- The Washington Times - Saturday, May 29, 2004

BALTIMORE — Mike Powell is serious about stepping away from lacrosse — at least for a little while.

The Syracuse senior, who holds the program record with 297 points, said earlier this week he is ready to walk away from the sport after the fourth-seeded Orange (13-2) finish their season. Syracuse meets top-seeded Johns Hopkins (13-1) in today’s second NCAA tournament semifinal.

Powell followed in the footsteps of his brothers and former Syracuse stars Ryan and Casey and turned in one of the most impressive careers in the sport’s history. He’s likely to become the first Syracuse player to earn first-team All-America nods four times and is favored to win the Tewaaraton Trophy as the nation’s best player for the second time. He is also expected to be taken by Baltimore with the first pick in the Major League Lacrosse draft next month.

“After this season, it’s going to be about 15 years of competitive lacrosse for me — straight — and Mike Powell needs a break from that, for a little while anyways,” Powell said. “It might not be for too long, it might just be one summer, but I’m probably going to take this summer off just to sit back and relax and figure out what else I’m good at.”

For now, though, he’ll worry about Hopkins. The Blue Jays have embarrassed the Orange in their last two meetings — including a 17-5 rout in March — and Powell hinted Syracuse could change its usual up-tempo approach.

“It’s going to be a different than earlier on last year, that much I’ll promise you,” Powell said. “If that means slowing the ball down and taking the air out of the ball, that’s what we’re going to do. If that means running and gunning, I’d be more than happy to do that.”

Underestimated Tigers

Princeton spent much of this season in an unusual place — away from the spotlight.

The sixth-seeded Tigers (11-3), who face second-seeded Navy (14-2), are making their 10th final four appearance in the last 13 years but weren’t often mentioned as national title contenders in the weeks leading up to the postseason.

“You’re always looking for the ultimate motivation, and this is one where we were under the radar — and rightfully so,” Princeton coach Bill Tierney said. “We were not a good lacrosse team back in February and March.”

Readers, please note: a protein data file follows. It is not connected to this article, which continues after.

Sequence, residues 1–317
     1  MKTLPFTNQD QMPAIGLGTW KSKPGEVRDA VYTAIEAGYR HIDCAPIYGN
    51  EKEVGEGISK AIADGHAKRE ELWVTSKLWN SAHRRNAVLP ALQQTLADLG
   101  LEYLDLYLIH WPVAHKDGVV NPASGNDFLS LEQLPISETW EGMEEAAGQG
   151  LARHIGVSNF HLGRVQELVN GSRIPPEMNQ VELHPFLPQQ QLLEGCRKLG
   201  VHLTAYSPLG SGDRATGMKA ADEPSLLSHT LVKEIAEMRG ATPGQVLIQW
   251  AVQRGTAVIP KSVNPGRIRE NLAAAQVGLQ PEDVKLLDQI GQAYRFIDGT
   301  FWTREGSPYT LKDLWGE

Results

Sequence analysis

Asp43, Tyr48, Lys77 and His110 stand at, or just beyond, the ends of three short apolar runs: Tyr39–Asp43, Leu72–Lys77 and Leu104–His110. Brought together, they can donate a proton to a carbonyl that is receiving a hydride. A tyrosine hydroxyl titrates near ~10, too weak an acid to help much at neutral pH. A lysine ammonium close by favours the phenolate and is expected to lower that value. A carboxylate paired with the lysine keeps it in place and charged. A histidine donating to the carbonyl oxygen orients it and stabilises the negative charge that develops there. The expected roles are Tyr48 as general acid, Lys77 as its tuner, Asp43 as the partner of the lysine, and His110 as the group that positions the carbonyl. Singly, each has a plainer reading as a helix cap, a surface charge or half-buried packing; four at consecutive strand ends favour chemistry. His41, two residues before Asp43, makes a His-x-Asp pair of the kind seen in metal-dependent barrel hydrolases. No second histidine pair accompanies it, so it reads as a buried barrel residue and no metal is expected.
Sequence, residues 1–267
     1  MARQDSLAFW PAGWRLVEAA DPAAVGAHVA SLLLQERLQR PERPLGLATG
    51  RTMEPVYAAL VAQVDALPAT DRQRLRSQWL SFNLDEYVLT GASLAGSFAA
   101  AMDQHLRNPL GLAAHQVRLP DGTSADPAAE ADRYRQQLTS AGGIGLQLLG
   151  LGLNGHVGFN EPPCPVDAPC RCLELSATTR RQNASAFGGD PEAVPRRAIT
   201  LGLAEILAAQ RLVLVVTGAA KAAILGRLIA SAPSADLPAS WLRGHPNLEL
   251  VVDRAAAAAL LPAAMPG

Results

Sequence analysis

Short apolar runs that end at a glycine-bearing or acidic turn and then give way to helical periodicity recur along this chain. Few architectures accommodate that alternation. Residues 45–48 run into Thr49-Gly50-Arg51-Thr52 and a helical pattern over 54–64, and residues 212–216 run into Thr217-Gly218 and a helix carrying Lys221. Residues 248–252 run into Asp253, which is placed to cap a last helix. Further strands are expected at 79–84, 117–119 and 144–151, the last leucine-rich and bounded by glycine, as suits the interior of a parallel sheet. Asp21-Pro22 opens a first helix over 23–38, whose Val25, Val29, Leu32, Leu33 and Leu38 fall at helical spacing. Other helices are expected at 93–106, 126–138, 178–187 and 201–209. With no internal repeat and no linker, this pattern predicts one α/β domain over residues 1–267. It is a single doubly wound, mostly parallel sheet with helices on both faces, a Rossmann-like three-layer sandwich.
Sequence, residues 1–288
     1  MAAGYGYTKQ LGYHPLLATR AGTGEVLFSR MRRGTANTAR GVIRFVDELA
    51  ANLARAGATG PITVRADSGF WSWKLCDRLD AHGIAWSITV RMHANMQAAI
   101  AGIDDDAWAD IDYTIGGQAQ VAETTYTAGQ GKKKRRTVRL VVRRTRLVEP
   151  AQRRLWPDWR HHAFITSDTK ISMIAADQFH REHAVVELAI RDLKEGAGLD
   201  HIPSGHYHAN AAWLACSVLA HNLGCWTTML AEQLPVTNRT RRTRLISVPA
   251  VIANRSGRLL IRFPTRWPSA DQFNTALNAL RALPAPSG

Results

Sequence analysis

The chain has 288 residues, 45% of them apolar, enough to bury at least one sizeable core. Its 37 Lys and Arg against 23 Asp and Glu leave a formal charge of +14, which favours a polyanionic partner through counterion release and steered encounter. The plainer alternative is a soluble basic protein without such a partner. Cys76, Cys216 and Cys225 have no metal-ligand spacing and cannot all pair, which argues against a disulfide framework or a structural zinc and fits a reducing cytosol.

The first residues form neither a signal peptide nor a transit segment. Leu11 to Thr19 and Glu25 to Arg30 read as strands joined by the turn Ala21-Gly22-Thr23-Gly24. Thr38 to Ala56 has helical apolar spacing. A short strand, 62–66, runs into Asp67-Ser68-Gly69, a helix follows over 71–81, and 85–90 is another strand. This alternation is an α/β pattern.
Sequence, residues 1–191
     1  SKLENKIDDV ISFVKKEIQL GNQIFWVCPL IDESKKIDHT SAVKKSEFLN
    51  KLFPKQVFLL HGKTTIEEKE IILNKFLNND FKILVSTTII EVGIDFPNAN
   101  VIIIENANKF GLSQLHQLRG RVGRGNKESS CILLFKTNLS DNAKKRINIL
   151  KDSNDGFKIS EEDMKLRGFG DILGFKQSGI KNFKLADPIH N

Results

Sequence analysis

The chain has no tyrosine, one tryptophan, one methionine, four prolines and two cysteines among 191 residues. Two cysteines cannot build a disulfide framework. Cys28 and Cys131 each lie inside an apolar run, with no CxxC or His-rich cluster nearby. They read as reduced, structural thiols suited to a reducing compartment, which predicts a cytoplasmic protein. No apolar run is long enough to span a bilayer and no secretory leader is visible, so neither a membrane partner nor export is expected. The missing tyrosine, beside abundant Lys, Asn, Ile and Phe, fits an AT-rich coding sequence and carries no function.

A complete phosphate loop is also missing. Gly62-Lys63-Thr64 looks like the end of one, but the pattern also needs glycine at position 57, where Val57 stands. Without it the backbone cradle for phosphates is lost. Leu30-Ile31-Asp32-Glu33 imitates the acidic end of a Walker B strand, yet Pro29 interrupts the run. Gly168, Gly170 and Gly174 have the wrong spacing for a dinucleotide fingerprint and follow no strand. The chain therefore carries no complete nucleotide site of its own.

However, Princeton overcame an early blowout loss at Johns Hopkins and improved as the season went along. The Tigers won at Virginia to provide a jolt of confidence and later ground out low-scoring victories against Penn and Rutgers — hardly overwhelming performances but still impressive.

“We won a lot of two- or three-goal games against some good teams,” Tierney said. “Those were good teams, but we didn’t know it at the time. We just tried to plod along. [In recent years], the Internet has taken a bigger role and it’s easy for some unnamed, nondescript person to dictate what people are feeling and that’s fine. We’ve learned that we are who we are and we’re proud of who we are. If others want to take potshots, good for us.”

Turf talk

There will be no repeat of the rutty, bog-like field conditions at M&T; Bank Stadium that affected play in last year’s final four. Just weeks after the title game, the sod was ripped up and replaced with Field Turf, an artificial surface that has gained popularity in recent years.

Perhaps no team will benefit from the new surface more than Syracuse, which never got its dodge-heavy offense on track in last year’s 19-8 semifinal loss to Johns Hopkins.

“Just to know we’re on Field Turf and there’s not a chance of it coming up, and not being like it was last year makes me come in with a different mindset,” Powell said. “I think last year we got caught up in the atmosphere too much and caught up in [the fact that] the grass is wet and we’re not going to play any good. … This year it’s a surface that’s going to be consistent and the main thing for me, and I’m sure everyone else will agree.”

It should also help a team used to playing on turf like Hopkins. The Blue Jays also got mired in difficult field conditions in last year’s title game loss to Virginia.

“It’s nice knowing that the field is not going to be like last year,” Hopkins midfielder Kyle Harrison said. “I don’t want to say that was an excuse, because it wasn’t and we didn’t play well, but [the field] stunk. But with the Field Turf, it’s great for all teams. I don’t think it’s like playing on turf, but it’s a lot better than playing on regular grass.”

Turnstile time

As of noon yesterday, 41,117 tickets had been sold for today’s games, but plenty of seats remain available because tournament organizers have opened the north end of the upper deck for the semifinals.

The upper deck has not yet been opened for tomorrow or Monday. More than 39,000 tickets have been purchased for tomorrow’s session of the Division II and Division III championships, while 40,327 have already bought tickets to Monday’s Division I title game.

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